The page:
KARACHI: With six metal suitcases, three filled with gold and three with clothes, the family of Muhammad Akram Khan fled Jabalpur in the central Indian state of Madhya Pradesh for newly created Pakistan in 1947, leaving without saying goodbye even to best friends and forsaking a sprawling home and a vast business for an uncertain future in Karachi.
Khan’s family was among the millions whose lives were thrown into turmoil by the partition of colonial India into two states, mainly Hindu India and mostly Muslim Pakistan, when British rule ended in 1947.
One of the biggest mass migrations in history was marred by violence and bloodshed as about 15 million Muslims, Hindus and Sikhs swapped countries in a political upheaval that cost more than a million lives.
Before partition, Khan, now 104 years old, recalled that his family lived in harmony with Hindu neighbours and the young man’s best friend was a neighbour called Shankar Lal. But in the months running up to the partition of India on August 14, Khan said he began to feel unsafe and started convincing his reluctant father to leave for Pakistan.
“I’m alive today but tomorrow they’ll kill me,” he said, quoting his words to his father. “All young men will be killed if we don’t leave.”
When the family eventually left, they took the route of Khokhrapar, a border town situated in Tharparkar District in Sindh, considering it safer compared to Punjab province where much of the violence was taking place. With death looming over him, Khan walked for miles and miles with his family, often carrying his disabled mother on his shoulders, until they made it safely to the other side.
The Sikh personnel who checked the family’s luggage at the border were kind, he said, and the Sikh and Hindus they met along the way, who were en route India, also didn’t show hate.
But the ordeal didn’t end there.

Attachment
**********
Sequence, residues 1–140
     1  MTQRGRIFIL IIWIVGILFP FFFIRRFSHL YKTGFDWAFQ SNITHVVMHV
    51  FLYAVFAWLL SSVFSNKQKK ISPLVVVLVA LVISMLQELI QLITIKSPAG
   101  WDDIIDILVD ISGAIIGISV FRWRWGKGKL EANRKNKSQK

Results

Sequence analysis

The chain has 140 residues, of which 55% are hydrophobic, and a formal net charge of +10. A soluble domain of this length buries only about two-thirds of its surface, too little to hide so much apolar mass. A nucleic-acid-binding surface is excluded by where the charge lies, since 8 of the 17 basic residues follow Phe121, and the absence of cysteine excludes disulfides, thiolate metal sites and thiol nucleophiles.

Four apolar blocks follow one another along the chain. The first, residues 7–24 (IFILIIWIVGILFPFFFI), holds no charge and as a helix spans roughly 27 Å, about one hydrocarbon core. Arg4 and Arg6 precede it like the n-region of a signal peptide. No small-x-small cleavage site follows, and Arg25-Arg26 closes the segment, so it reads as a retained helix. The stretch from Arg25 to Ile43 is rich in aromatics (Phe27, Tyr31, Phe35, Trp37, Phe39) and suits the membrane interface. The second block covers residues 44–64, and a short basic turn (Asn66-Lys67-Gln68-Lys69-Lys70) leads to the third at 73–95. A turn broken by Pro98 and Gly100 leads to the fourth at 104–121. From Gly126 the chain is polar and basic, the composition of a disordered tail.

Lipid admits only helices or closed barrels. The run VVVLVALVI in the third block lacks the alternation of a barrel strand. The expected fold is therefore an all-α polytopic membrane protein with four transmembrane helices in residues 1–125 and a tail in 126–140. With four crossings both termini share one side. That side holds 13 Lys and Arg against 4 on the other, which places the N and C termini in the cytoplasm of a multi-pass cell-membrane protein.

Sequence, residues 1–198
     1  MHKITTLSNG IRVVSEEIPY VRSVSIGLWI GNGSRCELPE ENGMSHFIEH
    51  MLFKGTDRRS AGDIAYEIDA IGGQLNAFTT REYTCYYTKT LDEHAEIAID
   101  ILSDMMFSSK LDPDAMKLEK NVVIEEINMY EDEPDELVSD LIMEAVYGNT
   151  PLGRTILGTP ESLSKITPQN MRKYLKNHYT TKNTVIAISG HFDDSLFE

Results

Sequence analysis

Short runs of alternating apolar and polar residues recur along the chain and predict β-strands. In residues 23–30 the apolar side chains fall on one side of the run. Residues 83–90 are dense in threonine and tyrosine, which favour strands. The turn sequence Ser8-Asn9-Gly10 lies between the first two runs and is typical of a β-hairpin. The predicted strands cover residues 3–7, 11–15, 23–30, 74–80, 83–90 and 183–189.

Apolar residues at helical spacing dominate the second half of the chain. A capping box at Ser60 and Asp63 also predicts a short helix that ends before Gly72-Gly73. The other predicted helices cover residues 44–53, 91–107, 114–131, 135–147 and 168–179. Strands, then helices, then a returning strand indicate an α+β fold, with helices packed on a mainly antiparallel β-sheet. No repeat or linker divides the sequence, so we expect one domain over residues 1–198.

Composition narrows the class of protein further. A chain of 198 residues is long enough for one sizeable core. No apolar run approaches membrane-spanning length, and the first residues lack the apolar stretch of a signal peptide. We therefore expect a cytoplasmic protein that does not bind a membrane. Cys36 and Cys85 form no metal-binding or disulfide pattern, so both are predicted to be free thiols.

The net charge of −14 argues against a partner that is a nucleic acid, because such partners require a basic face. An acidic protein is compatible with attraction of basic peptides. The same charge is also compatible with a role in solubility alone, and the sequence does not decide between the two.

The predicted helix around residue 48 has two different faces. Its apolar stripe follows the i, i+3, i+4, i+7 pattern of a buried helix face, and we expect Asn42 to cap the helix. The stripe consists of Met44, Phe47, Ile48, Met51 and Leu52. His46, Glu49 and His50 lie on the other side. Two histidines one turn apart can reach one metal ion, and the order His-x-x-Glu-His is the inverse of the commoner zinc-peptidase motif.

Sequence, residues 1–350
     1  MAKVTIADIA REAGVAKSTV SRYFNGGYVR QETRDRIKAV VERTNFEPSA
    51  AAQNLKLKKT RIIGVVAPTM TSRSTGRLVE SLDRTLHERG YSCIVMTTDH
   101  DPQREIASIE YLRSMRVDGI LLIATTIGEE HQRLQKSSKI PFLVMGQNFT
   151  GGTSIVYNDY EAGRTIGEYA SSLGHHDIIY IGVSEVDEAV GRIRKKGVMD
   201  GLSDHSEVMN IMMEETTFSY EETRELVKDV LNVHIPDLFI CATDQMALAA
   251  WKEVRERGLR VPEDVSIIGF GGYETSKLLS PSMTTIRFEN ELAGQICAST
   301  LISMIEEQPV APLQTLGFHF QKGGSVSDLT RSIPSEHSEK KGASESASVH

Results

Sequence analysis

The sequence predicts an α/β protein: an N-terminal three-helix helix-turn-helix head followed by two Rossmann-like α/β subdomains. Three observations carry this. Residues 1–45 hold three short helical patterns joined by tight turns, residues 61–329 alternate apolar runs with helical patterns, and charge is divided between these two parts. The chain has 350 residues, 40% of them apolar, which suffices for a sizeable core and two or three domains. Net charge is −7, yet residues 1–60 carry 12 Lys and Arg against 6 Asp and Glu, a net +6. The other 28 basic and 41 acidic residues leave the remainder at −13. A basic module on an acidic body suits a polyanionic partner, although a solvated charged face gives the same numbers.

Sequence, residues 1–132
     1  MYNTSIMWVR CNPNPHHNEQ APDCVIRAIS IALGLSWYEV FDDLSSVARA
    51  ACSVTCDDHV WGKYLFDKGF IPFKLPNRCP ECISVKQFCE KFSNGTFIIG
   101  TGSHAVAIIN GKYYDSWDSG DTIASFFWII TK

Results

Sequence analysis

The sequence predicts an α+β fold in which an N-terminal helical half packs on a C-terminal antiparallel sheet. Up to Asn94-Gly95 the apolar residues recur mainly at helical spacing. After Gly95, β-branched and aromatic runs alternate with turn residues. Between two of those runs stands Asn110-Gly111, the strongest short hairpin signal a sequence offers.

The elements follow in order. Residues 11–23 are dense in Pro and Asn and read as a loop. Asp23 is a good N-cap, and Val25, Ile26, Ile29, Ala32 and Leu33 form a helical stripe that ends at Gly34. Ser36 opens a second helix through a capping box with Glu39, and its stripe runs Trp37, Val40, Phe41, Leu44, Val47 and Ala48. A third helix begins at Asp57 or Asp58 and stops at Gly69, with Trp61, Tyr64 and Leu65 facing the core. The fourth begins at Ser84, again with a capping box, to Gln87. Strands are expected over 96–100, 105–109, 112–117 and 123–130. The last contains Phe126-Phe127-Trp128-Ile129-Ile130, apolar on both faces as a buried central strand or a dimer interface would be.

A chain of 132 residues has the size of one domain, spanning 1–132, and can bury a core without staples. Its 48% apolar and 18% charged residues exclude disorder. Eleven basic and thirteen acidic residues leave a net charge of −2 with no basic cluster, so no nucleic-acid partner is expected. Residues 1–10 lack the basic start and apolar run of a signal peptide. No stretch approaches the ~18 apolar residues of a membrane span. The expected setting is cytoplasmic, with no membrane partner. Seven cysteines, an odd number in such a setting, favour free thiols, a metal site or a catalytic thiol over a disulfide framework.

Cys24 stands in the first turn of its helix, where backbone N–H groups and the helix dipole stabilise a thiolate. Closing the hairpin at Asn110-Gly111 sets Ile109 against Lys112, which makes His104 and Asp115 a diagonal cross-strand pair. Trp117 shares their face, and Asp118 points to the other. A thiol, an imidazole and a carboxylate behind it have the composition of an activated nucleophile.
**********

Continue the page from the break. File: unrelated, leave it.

In Pakistan “there was no shade,” Khan said, and his family had to wait a whole day to catch a train to Karachi. At first, the family lived in a small house owned by a relative, before moving to a shanty for several years. Finally, at a cost of Rs2,400, the government allotted them two small quarters in Karachi's Korangi area.
It took Khan a few months to grasp the new reality of his life, but he ultimately resumed the scrap business after selling the 12 kilograms of gold the family had brought with them from Madhya Pradesh and eventually bought cycle-rickshaws to launch a transportation business.
“I earned and built bungalows,” Khan said, smiling. “I have constructed 25 to 30 houses, all through my hard work.”
The centenarian said he had lived a full life, tying the knot four times.
“Now at my home there are 200 people,” he said smiling. His eldest daughter is in her 90s and youngest is 14 years old.
Though he does not regret his decision to migrate to Pakistan, Khan said he was distressed by the country’s ever worsening economic situation.
“We dreamt of a great Pakistan,” he said. “We wanted young people to be honest, hardworking and respectful toward their parents and country.”
Khan got his passport a few decades ago and had a strong urge to return to Jabalpur to meet old friends. The dream of traveling back to India, however, has not come true.
“I don’t think I will be able to go now since my eyes don’t open,” he said, wistfully. “In any case, who am I going to meet there after so much time has passed?”